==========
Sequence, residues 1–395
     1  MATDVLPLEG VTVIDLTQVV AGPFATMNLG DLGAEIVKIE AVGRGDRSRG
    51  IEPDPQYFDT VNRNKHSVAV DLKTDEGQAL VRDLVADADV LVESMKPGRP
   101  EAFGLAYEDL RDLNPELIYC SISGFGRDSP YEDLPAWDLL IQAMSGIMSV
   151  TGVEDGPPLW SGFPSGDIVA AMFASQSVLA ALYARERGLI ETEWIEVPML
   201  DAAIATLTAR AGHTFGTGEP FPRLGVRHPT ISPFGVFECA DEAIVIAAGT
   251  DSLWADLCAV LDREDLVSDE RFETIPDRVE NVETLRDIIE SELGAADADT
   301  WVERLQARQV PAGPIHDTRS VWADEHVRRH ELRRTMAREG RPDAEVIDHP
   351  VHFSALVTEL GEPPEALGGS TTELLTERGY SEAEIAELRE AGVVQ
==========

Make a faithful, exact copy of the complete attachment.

Sequence, residues 1–395
     1  MATDVLPLEG VTVIDLTQVV AGPFATMNLG DLGAEIVKIE AVGRGDRSRG
    51  IEPDPQYFDT VNRNKHSVAV DLKTDEGQAL VRDLVADADV LVESMKPGRP
   101  EAFGLAYEDL RDLNPELIYC SISGFGRDSP YEDLPAWDLL IQAMSGIMSV
   151  TGVEDGPPLW SGFPSGDIVA AMFASQSVLA ALYARERGLI ETEWIEVPML
   201  DAAIATLTAR AGHTFGTGEP FPRLGVRHPT ISPFGVFECA DEAIVIAAGT
   251  DSLWADLCAV LDREDLVSDE RFETIPDRVE NVETLRDIIE SELGAADADT
   301  WVERLQARQV PAGPIHDTRS VWADEHVRRH ELRRTMAREG RPDAEVIDHP
   351  VHFSALVTEL GEPPEALGGS TTELLTERGY SEAEIAELRE AGVVQ